Common Sense: Bay Ridge is booming

November 3, 2014 JERRY KASSAR
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The annual Halloween Art Contest sponsored by the Bay Ridge Community Council in conjunction with several merchant groups is a great local tradition. The kids who painted two art pieces on the window of Senator Marty Golden and Assemblymember Nicole Malliotakis’s office on Fifth Avenue where I work were having a great time and very serious in their efforts.

The parents seemed equally to be having a good time working with the children, proudly viewing the final works of art.

I am pleased to note that the children from P.S. 170 who painted the works on the Golden/Malliotakis office won two gold prizes. Of course, every child who participated is a winner. My compliments to the children, the parents, the judges and the Bay Ridge Community Council for organizing this annual contest.

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Speaking of Halloween, the Halloween event conducted each year in Owl’s  Head Park is consistently one of the largest of its nature in the country with literally thousands of visitors ranging from the very young to adults who enjoy the theatrical quality Haunted Walk.

This event is a great tribute to Chip Cafiero who tasks dozens of volunteers to set up the park over several days and run the free event for the community and for that matter much of Brooklyn that drops by to enjoy it.

Bay Ridge has a number of fantastic community events that utilize the various physical aspects of the community. In fact, Bay Ridge has more park acres then most any place in the city with Owl’s Head, the former Bliss estate, being a large acreage. We make great use of our park space and avenues for all sorts of fun things all year round. People who move here often drop by Golden’s office to make mention of just how unique that makes Bay Ridge.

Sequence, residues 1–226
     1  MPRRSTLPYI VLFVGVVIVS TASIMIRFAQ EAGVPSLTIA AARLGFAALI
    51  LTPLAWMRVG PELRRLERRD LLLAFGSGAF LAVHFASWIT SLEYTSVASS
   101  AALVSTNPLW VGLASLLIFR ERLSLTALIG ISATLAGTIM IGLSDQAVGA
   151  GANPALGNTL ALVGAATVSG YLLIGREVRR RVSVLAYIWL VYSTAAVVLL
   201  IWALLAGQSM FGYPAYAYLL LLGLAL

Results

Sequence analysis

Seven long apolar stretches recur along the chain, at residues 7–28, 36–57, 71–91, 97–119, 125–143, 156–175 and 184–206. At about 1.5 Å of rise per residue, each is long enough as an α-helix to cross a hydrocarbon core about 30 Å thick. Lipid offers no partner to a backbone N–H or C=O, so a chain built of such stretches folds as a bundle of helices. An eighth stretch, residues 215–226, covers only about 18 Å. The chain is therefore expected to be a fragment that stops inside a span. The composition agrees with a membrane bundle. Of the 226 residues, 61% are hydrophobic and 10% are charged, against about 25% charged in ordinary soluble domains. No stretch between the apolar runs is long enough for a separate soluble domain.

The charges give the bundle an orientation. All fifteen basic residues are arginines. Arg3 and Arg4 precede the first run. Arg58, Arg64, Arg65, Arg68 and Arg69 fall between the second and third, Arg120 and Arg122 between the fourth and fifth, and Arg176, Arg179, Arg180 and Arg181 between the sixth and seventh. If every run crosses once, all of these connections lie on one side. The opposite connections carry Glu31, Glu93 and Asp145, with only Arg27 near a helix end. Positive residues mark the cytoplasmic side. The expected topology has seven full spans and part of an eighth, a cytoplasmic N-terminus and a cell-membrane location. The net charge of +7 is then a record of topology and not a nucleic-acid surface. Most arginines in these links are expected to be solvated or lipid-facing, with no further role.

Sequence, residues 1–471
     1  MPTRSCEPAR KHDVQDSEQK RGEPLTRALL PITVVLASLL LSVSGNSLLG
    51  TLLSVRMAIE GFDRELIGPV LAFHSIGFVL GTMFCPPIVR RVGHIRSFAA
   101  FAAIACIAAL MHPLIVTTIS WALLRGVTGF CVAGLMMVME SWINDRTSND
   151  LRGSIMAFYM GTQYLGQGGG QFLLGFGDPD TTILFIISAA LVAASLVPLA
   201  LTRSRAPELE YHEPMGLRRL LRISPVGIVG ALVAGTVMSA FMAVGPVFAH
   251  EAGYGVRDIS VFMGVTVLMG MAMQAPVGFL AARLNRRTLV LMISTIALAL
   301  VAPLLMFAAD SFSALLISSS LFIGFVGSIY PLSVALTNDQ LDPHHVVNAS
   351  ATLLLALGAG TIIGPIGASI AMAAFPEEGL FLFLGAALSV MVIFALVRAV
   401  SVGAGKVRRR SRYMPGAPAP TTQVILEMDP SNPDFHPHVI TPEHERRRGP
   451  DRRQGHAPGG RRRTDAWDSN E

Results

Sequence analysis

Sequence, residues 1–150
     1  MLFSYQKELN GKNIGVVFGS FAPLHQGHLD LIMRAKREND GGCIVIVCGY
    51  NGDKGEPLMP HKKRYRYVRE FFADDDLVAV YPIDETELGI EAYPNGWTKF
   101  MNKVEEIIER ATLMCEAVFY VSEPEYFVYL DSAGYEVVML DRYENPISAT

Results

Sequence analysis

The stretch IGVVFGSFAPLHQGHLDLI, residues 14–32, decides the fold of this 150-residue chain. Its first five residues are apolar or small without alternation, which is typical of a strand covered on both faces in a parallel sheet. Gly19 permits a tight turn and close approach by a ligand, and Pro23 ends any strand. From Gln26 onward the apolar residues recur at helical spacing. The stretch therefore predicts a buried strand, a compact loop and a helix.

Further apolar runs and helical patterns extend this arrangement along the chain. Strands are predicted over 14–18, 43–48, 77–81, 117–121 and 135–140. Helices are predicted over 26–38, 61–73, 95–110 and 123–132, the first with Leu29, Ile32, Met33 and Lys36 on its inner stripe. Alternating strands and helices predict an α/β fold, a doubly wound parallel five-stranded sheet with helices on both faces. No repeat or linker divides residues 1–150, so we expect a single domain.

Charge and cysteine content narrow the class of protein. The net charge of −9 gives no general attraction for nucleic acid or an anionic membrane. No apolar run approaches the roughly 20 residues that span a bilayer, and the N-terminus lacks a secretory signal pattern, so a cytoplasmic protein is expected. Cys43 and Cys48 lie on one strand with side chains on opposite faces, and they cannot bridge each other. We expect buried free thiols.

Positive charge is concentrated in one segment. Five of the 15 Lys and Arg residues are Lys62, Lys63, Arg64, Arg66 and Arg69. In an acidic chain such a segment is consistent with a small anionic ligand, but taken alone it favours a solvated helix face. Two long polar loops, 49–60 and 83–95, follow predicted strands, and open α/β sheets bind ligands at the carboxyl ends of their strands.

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The two-year anniversary of Superstorm Sandy comes with a reminder that this can be a tale of two cities. The large areas of Staten Island, Brooklyn and Queens impacted mark the anniversary with solemn events, tributes to the dead and hopes that resilience efforts will prevent a future catastrophe. Many still have not received the government support they were promised; some are still not in their homes.

In the rest of the city, it as though the storm never happened. It is marked only by something on the nightly news. An event as devastating as 9/11 is remembered in a very different way. That should change. Sandy is a continuing nightmare for many New Yorkers. We all need to remember and be invested in how the city takes care of those still affected and plans for the future.

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